The lifeblood of technology innovation in the United States over the past half-century has been a steady flow of venture capital dollars. This made both the United States and Silicon Valley's entrepreneurs the envy of others around the globe.
That picture, however, is changing rapidly. Last year, only $12.3 billion of new money found its way into venture capital funds. This is less than half the level of two years earlier. With a retreat from private equity underway, many American start-up financiers are predicting a historic contraction in their industry.
One reason for this is that US venture capitalists have begun to hunt elsewhere for big ideas. Many US venture capital firms have been looking increasingly to China to invest in areas such as clean technology. VantagePoint, one of the biggest Silicon Valley investors in this field, last year launched a $100 million fund for emerging clean technology in China. This made it one of the largest investment vehicles of its kind.
Some venture capital firms are doing so because the legislative environment at home is not as conducive to backing local companies. But there are other reasons.
So the question has to be asked – why China and not the United States? A closer look is warranted.
When Facebook was accorded a $50 billion valuation in private financing in January, it looked like business as usual in Silicon Valley.
To some industry veterans, however, eye-catching successes such as the social networking site provide little indication of the underlying trend in the country's underlying technological competitiveness.
If anything, the success of companies like Facebook may be masking a deeper malaise that threatens the American system of innovation.
John Seely Brown is the former head of the Palo Alto Research Center for Xerox. This center was once one of the Valley's most renowned corporate research and development laboratories.
Mr. Brown believes that drawn by the quick profit of high-flying internet and social networking firms, US technology investors have lost interest in the more serious work needed to sustain a lead in some of the world's most advanced industries. He said, “We've lost the will for patient investment.”
American Psyche Bruised
In the popular psyche, American technological leadership seems almost innate. It is seen as the product of an ingenuity, a sense of risk-taking and a hunger for the new that could only have taken root in a country as democratic, socially mobile and close to its pioneer roots as the United States.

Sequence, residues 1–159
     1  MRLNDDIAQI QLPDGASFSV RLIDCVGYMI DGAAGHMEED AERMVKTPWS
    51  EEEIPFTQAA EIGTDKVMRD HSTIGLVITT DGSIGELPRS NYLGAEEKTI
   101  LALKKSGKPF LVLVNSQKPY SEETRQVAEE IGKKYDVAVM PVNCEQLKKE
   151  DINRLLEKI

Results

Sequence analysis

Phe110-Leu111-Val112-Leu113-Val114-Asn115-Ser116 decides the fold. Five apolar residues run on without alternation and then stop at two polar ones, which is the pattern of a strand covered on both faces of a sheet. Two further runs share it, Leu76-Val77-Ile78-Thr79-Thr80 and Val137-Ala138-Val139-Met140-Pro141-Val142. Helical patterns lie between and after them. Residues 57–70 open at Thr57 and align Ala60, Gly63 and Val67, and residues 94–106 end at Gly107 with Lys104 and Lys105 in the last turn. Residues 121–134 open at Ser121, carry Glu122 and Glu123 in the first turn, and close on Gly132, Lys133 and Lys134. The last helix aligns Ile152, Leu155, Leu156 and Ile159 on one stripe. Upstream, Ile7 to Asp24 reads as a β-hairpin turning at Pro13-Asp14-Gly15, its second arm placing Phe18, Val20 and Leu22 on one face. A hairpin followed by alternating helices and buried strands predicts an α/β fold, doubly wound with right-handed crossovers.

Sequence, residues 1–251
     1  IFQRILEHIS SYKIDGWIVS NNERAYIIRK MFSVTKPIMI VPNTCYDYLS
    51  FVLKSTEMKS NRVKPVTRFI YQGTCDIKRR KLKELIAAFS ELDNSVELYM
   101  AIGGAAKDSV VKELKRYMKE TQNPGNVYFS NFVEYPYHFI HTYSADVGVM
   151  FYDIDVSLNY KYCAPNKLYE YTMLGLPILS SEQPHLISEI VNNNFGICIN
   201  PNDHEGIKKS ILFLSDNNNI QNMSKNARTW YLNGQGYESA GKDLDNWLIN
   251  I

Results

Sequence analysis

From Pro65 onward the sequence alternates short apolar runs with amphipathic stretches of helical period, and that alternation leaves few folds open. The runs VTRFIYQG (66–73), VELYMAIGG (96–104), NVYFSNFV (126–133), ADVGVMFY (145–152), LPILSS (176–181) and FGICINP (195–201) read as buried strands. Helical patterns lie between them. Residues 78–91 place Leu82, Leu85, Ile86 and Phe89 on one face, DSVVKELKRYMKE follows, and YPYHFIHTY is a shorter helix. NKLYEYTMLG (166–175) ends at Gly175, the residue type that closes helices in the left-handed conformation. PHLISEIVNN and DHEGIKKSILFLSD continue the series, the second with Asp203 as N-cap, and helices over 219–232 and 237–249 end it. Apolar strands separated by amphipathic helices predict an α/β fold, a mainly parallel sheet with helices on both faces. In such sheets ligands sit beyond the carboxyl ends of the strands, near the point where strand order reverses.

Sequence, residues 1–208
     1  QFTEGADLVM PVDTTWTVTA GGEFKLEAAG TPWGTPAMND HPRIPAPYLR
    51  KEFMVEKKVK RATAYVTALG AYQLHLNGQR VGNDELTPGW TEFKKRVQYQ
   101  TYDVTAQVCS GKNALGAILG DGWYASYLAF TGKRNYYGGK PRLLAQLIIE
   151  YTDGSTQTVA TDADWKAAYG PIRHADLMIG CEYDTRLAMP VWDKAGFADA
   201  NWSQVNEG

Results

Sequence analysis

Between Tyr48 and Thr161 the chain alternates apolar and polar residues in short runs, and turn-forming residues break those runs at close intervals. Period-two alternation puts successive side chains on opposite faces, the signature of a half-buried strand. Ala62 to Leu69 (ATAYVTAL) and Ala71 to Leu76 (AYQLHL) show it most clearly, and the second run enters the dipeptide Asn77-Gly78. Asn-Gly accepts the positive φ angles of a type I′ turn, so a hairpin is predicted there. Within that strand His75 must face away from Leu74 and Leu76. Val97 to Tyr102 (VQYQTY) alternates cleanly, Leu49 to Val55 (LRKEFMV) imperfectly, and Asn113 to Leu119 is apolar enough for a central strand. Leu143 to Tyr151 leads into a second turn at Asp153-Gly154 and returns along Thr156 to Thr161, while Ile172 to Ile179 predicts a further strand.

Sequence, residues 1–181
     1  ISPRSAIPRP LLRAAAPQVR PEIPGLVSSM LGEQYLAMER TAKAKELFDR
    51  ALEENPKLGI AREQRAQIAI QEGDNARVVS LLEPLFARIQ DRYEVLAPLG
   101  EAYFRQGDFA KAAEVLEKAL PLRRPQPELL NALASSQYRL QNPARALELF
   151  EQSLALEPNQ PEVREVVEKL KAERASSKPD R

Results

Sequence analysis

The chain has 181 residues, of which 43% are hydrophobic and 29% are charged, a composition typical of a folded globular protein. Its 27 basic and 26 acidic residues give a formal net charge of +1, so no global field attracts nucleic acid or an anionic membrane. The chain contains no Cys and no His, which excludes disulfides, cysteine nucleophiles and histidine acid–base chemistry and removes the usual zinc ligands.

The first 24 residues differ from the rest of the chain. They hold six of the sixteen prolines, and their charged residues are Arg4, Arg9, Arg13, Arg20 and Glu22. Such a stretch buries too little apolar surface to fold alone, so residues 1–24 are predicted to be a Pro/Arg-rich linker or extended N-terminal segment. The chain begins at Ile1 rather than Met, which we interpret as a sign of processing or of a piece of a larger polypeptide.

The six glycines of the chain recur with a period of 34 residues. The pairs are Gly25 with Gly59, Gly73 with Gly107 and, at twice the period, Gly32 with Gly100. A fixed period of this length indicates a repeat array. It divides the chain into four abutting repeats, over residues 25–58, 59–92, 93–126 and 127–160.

But that is just a quaint notion. Michael Moritz, one of Silicon Valley's leading venture capitalists, said that the belief that American individuality and creativity somehow assure future leadership is “a clear exposition of the arrogance of empire.” He added that today “the need to succeed is far greater in the emerging markets.”
Nor is there any inherent US resource advantage, as information and talent flow freely. “We're not smarter than they are,” says Bill Watkins, another Silicon Valley veteran.
Let's look at what has happened over the past few decades. The United States suffered the loss of electronics manufacturing to Asia, which began in the 1980s. Then there is the shift of information technology services to India, which has been the story of the past decade.
And in entirely new markets such as green technology, the center of gravity has been moving to Asia. The aforementioned Mr. Watkins is the chief executive of Bridgelux – a company at the forefront of the promising new LED industry. His company makes low-power lighting using light emitting diodes.
He warns that promising new industries like his continue to quickly slip away to Asia: “We [the US] invented LEDs but we're losing the business to Asia, and it's the same with solar.” Yes, just ask First Solar about increased competition from China.
Now today, the R&D and design work that goes into many areas of electronics manufacturing – bringing with it high-paying jobs – has also been moving elsewhere. For instance, Applied Materials startled many last year when it announced that its chief technology officer would move to China to be closer to the company's manufacturing facilities.
There is a close tie between design and manufacturing of products that characterize the evolution of new technologies. Developing prototypes and manufacturing processes becomes harder when the design and manufacturing of products takes place half a world apart. As a result, the US is losing, as Mr. Seely Brown says, “the capabilities to build serious, complex stuff.”
The solution to such a long-term problem that the United States and Silicon Valley face is not easy or simple. Many things need to be done. Here are just a few ideas.
First, the US educational system needs to upgraded, with an emphasis on science. The nation is simply not graduating enough science, engineering and technology students to feed the national demand for such skills and to keep the country ahead in the global technology race.
Second, the US government needs to decide it is “open for business” and willing to compete in the global marketplace for factories and jobs. Technology companies say that costs are higher here in the US, mainly because of the lack of incentives or tax credits that are available to US corporations in most other countries.
Third, change the focus for Silicon Valley. The nation needs its emphasis to be on the key industries of the future, such as green energy, that will produce lots of jobs. We don't need a million Facebooks and other companies related to leisure-time activities. We need some genius to develop an alternative to oil, not develop a new app for the App store for Apple.
And the United States needs to begin implementing changes immediately.